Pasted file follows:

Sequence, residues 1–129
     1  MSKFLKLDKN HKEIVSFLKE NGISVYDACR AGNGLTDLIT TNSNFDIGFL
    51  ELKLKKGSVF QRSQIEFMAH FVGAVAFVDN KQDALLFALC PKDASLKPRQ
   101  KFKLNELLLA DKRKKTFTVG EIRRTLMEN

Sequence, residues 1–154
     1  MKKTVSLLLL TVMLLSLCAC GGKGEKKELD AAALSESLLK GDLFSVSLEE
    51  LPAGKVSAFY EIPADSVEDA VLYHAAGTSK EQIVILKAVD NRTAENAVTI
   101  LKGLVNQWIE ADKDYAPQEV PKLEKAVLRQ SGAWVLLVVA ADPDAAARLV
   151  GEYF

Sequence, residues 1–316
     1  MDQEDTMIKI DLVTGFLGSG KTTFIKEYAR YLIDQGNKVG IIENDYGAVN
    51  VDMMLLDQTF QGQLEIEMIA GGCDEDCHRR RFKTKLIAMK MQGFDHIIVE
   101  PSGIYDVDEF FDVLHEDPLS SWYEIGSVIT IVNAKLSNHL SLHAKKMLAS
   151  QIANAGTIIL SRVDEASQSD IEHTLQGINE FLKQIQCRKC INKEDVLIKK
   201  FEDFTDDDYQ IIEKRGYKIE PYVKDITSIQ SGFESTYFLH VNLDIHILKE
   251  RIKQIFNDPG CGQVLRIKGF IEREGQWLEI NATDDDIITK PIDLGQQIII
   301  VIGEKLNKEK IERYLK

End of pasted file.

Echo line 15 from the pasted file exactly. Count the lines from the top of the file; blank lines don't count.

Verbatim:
   201  FEDFTDDDYQ IIEKRGYKIE PYVKDITSIQ SGFESTYFLH VNLDIHILKE